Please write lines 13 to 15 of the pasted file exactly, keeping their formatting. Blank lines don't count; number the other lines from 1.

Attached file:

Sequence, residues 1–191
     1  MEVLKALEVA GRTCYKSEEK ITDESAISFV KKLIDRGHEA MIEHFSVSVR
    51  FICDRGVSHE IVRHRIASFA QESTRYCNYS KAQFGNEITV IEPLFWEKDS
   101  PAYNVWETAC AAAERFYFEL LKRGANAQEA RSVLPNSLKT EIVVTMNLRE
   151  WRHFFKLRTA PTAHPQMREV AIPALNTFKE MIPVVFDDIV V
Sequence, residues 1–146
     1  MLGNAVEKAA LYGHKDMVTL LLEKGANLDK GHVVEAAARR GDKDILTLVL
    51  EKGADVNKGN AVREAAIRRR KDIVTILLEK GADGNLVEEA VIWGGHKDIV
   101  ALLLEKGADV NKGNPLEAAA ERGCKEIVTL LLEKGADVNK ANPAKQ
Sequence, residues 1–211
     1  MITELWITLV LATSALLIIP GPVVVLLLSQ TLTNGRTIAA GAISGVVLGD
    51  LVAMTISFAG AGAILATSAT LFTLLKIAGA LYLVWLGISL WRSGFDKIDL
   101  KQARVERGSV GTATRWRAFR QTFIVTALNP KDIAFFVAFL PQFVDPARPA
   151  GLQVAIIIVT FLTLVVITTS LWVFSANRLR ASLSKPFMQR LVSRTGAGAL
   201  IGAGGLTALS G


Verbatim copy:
   101  KQARVERGSV GTATRWRAFR QTFIVTALNP KDIAFFVAFL PQFVDPARPA
   151  GLQVAIIIVT FLTLVVITTS LWVFSANRLR ASLSKPFMQR LVSRTGAGAL
   201  IGAGGLTALS G